Mobilia no. 128. Snekkersten, DK: March 1966. Cologne Furniture Fair 66; Lars-Gunnar Nordström; The Future Of Norweigian Furniture.

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Mobilia no. 128
March 1966

Svend Erik Møller, Gunnar Bratvold, Lena Larsson [Editors]

Svend Erik Møller, Gunnar Bratvold, Lena Larsson [Editors]: Mobilia no. 128. Snekkersten, Denmark: Mobilia, March 1966. Original edition. Text in Danish, English, German and French. Perfect bound and side stapled wrappers. Unpaginated. Multiple paper stocks. Fully illustrated articles in black and white and some color. Period furniture advertisements. Wrappers light worn but a very good or better copy.

10.25 x 10.18 magazine with articles and period furniture advertisements. The editors described their magazine thus: “Mobilia is an international subscription periodical for furniture, art, handicraft, etc. Mobilia is published in two issues, one of them in Danish and English, and the other one in Swedish and German, the text having been translated as a whole. Mobilia is issued to all members of Møbelfabrikantforeningen i Danmark [The Association of Danish Furniture manufacturers], of Møbelhandlernes Centralforening i Danmark [The Association of Furniture Dealers in Denmark], and of Indendørs Arkitekt Foreningen [The Association of Interior Architects]; in Sweden a collective subscription has been taken by Sveriges Möbelindustriförbund [The Association of Swedish Furniture Manufacturers]. “

  • Wilhelm Bofinger
  • Homeward Bound From Cologne Furniture Fair 66: 36 pages fully illustrated in color and black and white.
  • The History Of The Bentwood Chair: Svend Erik Møller
  • J. Kastholm / P. Fabricus: 16 pages fully illustrated in black and white.
  • Lars-Gunnar Nordström: 10 pages fully illustrated in color and black and white.
  • The Future Of Norweigian Furniture: 18 pages fully illustrated in black and white.

Includes work by Jesper Tøgern, Thorkild Ebert, Finn Juhl, Torben Krag, Jørgen Rasmussen, Rigmor Andersen, Ole Schiøll, Hans J. Wegner, Aagard Andersen, Domus Danica, N. O. Møller, Hans Olsen, Ole Wanscher, J. Kastholm & P. Fabricus, Erik Ole Jørgensen, Eero Aarnio, Jørgen Bækmark, Yrjö Kukkapuro, Laukaan Puu, Ilmari Tapiovaara, André Vandenbeuck, Kurt Leeb, Marco Engler, Kurt Freyer, Paul Talmann, Group 61, Gebrüder Thonet, Joe Colombo, Cesare Casali, Enzo Hybsch, Frederick Kayser, Cato Mansrud, Sigurd Resell, Ingmar Relling, and others.

Includes advertising work by L. F. Foght, Norstyle, Langlo Møbler, Stokke Fabrikker A-S, Viken Møbelfabrikk A/S, Vatne Lenestolfabrikk, Sandvik & Co., Tørbjorn Afdal, Haug Snekkeri A/S, Erik Jørgensen, Torsten Johansson, Svane, C/S Møbler, Fritzhansen -Møbler, Arne Jacobsen, Vamo, Johs. Andersen, Domus Danica, John Mortensen, Carlo Jensen, Erik Buck, Rud Thygesen, Karl-Erik Ekselius, J. O. Carlsson, Scapa Industri Ab, Åke Fribyter, N. C. Poulsen’s Mobelfabrik, Bogesunds Väveri Ab, Interna, Axel Thygesen, Much Møbler,  J. L. Møller-Højbjerg, N. O. Møller, Den Blaa Fabrik, Gabriel Frederica Danmark, Model Vyfa, Erik Møller, Jorgen & Ib Rasmussen, Georg Jørgensen & Søn, Erik Ole Jørgensen,  Peter Karpf, and more.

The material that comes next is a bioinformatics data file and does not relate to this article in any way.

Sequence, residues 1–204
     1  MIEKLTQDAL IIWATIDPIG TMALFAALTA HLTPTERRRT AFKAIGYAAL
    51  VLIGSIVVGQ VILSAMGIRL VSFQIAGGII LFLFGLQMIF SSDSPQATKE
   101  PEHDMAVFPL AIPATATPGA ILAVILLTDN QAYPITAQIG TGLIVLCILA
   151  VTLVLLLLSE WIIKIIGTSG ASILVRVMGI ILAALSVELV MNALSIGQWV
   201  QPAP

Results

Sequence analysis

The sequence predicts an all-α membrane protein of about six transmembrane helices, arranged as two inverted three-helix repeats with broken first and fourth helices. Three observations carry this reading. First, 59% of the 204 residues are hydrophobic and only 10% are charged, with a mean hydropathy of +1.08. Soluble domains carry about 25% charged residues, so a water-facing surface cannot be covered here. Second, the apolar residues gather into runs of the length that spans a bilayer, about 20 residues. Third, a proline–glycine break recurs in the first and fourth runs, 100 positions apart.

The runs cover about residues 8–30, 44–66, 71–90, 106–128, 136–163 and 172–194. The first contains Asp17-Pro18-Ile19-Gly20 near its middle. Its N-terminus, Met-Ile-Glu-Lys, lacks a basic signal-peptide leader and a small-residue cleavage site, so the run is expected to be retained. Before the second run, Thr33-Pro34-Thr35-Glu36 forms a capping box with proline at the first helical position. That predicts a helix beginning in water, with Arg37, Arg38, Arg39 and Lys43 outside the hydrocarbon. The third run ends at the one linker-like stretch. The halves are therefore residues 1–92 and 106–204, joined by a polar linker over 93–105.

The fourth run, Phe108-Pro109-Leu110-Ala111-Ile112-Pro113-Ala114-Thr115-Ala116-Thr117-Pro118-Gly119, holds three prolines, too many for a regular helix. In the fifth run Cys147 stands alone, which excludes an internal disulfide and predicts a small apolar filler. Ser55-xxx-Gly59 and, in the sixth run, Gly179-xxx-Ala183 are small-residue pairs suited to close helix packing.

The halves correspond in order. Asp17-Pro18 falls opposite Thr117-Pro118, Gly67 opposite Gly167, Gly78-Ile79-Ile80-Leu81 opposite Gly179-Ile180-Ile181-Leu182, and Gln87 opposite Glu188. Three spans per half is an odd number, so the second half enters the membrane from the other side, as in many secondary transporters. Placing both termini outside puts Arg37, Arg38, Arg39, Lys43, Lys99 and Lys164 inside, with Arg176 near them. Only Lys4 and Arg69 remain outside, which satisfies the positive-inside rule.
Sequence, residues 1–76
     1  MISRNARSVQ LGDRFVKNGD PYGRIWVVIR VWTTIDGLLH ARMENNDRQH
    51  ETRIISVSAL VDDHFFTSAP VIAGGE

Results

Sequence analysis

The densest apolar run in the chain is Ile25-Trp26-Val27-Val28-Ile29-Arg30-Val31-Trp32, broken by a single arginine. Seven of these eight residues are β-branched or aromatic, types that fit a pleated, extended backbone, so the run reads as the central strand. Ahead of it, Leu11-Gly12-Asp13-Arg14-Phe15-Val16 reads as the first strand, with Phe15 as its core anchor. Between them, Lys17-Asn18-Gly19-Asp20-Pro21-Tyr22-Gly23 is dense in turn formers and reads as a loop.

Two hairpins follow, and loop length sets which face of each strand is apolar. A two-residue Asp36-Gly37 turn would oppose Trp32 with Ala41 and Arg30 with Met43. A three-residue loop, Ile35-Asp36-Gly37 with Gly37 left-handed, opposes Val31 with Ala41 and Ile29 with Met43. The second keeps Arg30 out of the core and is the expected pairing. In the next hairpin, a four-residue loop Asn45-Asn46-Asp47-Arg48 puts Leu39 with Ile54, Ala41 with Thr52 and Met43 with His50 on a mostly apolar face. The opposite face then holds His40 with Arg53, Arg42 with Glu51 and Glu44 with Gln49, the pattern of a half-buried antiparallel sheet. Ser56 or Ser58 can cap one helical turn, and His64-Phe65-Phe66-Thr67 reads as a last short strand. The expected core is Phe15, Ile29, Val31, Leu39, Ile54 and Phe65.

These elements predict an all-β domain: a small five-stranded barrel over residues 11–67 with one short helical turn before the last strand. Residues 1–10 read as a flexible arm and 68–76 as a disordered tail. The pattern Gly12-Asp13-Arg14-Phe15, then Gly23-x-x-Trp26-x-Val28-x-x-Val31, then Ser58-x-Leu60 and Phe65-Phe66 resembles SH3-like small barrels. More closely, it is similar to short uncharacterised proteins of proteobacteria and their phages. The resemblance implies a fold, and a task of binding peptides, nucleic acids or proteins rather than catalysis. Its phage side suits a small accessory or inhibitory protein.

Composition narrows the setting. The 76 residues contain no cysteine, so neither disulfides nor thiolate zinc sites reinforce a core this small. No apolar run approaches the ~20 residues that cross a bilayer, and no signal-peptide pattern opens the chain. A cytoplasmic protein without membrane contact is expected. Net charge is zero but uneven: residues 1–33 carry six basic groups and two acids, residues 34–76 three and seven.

In 1954 the four Scandinavian countries, Denmark, Sweden, Norway and Finland arranged what proved to be the most important marketing effort ever for Scandinavian design—the monumental exhibition Design in Scandinavia. From 1954 to 1957 Design in Scandinavia toured the United States and Canada. The exhibition was presented in 27 cities, and it was a huge success, initiated by The Danish Society of Arts and Crafts and its sister organizations in the other participating countries.

Based on the success the four countries established what they called the Scandinavian Design Cavalcade, which had a lot of US press coverage as well. In that connection the July 1959 issue of House Beautiful was centered around The Scandinavian Look in U.S. Homes, and it was Denmark and Danish Design in particular that the magazine focussed on. Besides the editorial pages, the numerous ads illustrates that Danish modern furniture was increasingly gaining a stronghold among certain groups of American consumers.

Importers and retail chains like John Stuart Inc., George Tanier, Raymor and Dunbar etc. now sold Danish modern furniture in the US, and by now it was not only hand crafted furniture from the Copenhagen Cabinetmakers’ Guild Exhibitions but also pieces from industrial furniture producers like Fritz Hansen, Søborg Møbelfabrik, Fredericia Furniture and many others. From the end of the 1950s Danish Department stores and other retailers produced comprehensive brochures and booklets in English with prices in US Dollars presenting Danish Design to American and other tourists.

Without exception, these stores all presented the narrative of Danish modern. “Denmark is known all over the world for its exquisite home furnishing, which are characterized by their outstanding design and superb craftsmanship” the department store Magasin claimed in its brochure “Danish Design.”